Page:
The team’s research touches practically all areas of the human musculoskeletal system, including the hip, knee and ankle joints, as well as the spine, femur, tibia, elbow and hand.
Five mechanical test stations currently support a busy experimentation schedule, including two uniaxial load frames, one of which has been converted to a custom disc arthoplasty wear simulator, along with a fretting wear simulator for modeling micromotion at implant fixation interfaces. A biaxial load frame is also used for evaluating the fixation and stability of arthroplasties for the hip, knee and spine. The biaxial system is used to apply torsion and axial loads, and the custom rigs allow application of bending moments and other complex physiological load protocols specific to each anatomic location.
The lab is also equipped with a six-station MTS Spine Disc Wear Simulator and an MTS Spine Kinematics Test System, which facilitates simulations in a full eight degrees of freedom. These systems are used to evaluate different designs of posterior dynamic stabilization devices for the lumbar spine. Recently, the researchers have been evaluating different surgical techniques for correcting spine deformity in adolescents, a complex biomechanical problem.
“Our mechanical test equipment gives us confidence in our ability to accurately and reproducibly simulate in-vivo and surgical conditions for many joint replacement implants and fracture fixation devices,” Sangiorgio said.
According to Ebramzadeh, his team’s current mechanical testing capabilities align well with the laboratory’s emphasis on resolving day-to-day issues that are of immediate interest to the orthopaedic community.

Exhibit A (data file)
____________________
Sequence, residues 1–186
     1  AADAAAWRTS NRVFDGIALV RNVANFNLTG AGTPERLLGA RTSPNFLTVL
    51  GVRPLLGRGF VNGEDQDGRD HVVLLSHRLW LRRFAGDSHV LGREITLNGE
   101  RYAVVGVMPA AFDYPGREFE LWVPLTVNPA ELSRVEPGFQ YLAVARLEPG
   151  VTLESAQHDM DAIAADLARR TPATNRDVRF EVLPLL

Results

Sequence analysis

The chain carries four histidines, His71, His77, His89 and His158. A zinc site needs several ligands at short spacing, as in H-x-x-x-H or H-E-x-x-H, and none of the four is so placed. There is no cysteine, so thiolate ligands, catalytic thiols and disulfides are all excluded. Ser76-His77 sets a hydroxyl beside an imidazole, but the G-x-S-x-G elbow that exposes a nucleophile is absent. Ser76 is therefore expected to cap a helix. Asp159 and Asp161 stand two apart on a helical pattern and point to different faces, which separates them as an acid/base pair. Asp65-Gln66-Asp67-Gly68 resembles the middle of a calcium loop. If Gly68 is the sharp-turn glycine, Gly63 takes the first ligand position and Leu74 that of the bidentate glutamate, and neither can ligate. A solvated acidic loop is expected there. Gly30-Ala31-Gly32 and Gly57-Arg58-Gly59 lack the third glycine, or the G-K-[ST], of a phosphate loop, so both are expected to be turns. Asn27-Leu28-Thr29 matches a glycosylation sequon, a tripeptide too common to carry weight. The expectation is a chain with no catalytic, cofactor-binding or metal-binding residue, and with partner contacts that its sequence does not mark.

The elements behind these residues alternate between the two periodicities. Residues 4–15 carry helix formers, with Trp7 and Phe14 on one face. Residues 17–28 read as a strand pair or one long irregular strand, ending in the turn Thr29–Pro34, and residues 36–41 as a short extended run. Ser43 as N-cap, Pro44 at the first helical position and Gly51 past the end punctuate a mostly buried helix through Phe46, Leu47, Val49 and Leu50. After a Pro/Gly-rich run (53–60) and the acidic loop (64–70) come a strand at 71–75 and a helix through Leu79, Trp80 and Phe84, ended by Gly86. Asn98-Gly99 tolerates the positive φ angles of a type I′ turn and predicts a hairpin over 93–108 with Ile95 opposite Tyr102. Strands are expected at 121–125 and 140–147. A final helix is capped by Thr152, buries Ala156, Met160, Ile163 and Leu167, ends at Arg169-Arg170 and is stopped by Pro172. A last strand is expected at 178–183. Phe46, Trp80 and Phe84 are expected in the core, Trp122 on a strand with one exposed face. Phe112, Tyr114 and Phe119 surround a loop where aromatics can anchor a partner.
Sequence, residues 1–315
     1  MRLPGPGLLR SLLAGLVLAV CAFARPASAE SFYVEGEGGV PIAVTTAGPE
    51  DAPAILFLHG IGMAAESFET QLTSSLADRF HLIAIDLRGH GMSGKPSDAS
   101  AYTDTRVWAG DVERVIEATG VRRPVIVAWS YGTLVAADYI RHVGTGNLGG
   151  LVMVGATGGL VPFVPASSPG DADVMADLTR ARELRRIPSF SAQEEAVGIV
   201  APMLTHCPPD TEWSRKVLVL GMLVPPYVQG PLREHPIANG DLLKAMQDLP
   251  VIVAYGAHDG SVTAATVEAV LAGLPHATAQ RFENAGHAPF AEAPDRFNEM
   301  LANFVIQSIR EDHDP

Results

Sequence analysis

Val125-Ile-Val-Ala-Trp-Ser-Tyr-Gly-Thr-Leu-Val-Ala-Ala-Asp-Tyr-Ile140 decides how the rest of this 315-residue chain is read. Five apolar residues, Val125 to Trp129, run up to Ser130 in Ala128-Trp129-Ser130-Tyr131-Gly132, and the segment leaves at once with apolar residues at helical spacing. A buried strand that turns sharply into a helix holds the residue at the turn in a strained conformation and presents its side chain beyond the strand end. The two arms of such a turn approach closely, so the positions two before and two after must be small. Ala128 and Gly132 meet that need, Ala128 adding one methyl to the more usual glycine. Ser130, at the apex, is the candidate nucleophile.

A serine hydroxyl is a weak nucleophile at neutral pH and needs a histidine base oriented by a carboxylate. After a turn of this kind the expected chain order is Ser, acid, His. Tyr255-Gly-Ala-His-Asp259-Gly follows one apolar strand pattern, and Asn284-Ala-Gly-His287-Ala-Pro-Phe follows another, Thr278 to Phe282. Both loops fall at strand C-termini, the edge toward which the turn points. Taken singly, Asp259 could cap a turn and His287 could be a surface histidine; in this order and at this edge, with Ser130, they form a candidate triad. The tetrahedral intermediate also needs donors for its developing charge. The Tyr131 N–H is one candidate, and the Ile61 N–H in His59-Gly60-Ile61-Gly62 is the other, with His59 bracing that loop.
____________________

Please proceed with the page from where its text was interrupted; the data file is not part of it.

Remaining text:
“We are well equipped to support our emphasis on practical clinical application,” Ebramzadeh said. “Our capabilities allow us to evaluate implant device performance in a manner that will best serve orthopaedic surgeons and their patients.
“Combined with the experienced team of engineers, biologists and surgeons who are active in the Luck Research Center, we are able to provide research that is valuable to the orthopaedic community,” Ebramzadeh continued. “We have earned a reputation for delivering test data that are highly predictive of how an implant will perform over its functional life.”
The Implant Performance Lab has also become a coveted place for Los Angeles-area engineering students to intern. Sangiorgio attributes this appeal to the translational nature of the work.
“Students have the opportunity to work with the latest orthopaedic technology and obtain realistic, hands-on experience that is not available in engineering programs that primarily focus on theory,” Sangiorgio said. “It is readily apparent how our research can improve a patient’s quality of life, and that makes the work both exciting and meaningful for everyone involved.”